Today, September 28th is my daughter Anne’s birthday. She was about to turn 13 when she was killed. She would now be 37.
Significant dates, holidays and special events affect me in various ways.
The birthdays after my young son and daughter died were extremely sad days. I took flowers to the cemetery and could see that their friends had been there also, leaving notes and mementoes.
I am aware and sensitive to the birth date of each of my children as that day approaches. I don’t mention it to anyone and do not make myself sad or mope at that time. I once heard the expression, “misery is optional” and while that is a bit too simple I am aware that I am responsible for my moods and reactions. I go about my day remembering Anne and Adam and Paul, wondering where they would be in their lives. Would they have children (and me a grandmother)? What kind of work they would be doing? What they would look like? Those thoughts can go on and on.
This past July when I minded my sister’s two daughters, I asked each of them how old she would be this coming September and October. My niece Isabelle told me she would be turning 13. It made me realize that she was the very age of my Anne when she was killed. At that moment, I sort of relived or had a picture of my daughter at that age right in front of me. I could see her physique, personality, voice, expressions . . . everything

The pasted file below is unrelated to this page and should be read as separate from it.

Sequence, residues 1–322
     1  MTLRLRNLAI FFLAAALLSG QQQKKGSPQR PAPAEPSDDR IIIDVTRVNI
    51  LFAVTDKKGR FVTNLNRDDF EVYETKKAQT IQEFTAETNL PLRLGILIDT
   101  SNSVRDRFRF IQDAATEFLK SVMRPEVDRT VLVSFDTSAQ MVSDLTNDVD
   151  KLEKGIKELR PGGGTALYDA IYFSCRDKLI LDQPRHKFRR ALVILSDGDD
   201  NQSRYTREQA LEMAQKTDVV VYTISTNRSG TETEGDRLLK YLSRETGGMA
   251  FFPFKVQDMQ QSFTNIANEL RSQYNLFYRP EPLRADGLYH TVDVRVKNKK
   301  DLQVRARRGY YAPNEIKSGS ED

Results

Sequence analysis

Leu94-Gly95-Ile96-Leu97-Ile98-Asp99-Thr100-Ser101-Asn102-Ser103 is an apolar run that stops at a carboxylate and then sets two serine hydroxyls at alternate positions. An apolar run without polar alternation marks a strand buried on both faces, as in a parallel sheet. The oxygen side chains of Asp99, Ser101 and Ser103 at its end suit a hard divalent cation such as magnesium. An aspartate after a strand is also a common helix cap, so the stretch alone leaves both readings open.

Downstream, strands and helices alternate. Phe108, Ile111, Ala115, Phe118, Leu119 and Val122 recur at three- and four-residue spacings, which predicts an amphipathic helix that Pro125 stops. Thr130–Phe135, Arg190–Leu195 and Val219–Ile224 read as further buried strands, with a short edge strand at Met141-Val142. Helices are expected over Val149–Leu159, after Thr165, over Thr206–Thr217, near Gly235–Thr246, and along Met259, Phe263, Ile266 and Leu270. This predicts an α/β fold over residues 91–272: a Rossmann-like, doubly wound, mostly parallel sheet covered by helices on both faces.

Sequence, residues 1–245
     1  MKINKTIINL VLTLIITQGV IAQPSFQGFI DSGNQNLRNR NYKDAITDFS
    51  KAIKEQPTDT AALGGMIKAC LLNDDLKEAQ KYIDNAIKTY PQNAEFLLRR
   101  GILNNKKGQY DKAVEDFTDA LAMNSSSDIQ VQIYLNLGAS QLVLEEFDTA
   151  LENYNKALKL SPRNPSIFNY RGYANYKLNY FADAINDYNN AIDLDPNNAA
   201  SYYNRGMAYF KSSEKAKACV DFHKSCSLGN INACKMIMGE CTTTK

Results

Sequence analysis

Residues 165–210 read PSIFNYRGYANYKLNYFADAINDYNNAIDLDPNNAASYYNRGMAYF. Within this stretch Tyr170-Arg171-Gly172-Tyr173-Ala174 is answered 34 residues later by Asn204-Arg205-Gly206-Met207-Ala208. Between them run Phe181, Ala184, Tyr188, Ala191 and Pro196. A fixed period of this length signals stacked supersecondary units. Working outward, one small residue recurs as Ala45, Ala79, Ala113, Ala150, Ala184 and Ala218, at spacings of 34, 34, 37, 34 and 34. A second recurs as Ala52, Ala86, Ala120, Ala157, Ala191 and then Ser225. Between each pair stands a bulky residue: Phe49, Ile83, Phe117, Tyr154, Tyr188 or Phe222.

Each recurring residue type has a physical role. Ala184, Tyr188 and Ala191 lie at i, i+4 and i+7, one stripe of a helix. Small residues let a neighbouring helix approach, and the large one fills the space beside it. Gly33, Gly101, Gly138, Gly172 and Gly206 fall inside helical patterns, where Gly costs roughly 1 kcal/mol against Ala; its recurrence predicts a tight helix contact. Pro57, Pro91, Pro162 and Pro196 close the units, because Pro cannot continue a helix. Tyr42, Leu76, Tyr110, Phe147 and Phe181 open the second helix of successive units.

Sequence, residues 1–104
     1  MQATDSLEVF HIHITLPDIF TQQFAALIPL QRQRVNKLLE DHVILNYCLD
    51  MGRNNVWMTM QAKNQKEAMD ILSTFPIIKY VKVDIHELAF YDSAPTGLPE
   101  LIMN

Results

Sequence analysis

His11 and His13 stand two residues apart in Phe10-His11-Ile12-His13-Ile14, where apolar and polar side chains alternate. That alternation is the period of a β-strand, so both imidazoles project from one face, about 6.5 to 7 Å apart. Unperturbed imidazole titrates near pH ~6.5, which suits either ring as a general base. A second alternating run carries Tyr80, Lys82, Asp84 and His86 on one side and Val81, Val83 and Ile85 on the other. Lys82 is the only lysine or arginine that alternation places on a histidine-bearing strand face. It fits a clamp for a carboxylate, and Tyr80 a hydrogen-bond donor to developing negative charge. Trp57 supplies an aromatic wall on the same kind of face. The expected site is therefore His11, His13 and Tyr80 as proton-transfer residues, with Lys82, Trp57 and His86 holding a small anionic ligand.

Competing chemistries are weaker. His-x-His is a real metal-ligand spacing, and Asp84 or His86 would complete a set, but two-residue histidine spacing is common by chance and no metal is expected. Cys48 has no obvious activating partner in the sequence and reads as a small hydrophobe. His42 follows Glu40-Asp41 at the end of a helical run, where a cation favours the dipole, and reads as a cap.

about her. This is just a reminder that a little thing, like hearing another child’s age, can trigger the most detailed and intimate parental thoughts in any of us.
I have noticed that people use Facebook to speak to their lost loved ones. They send them poems and sensitive thoughts and tell them how much they are missed, as though the person who has passed also reads Facebook. (Yes, I do use humour now and then where these situations are concerned).
So I will use my blog to wish my daughter Anne a Happy Birthday. Even though you are no longer here my dear Anne, it was indeed a very Happy Day when you came into my life. I will always love you.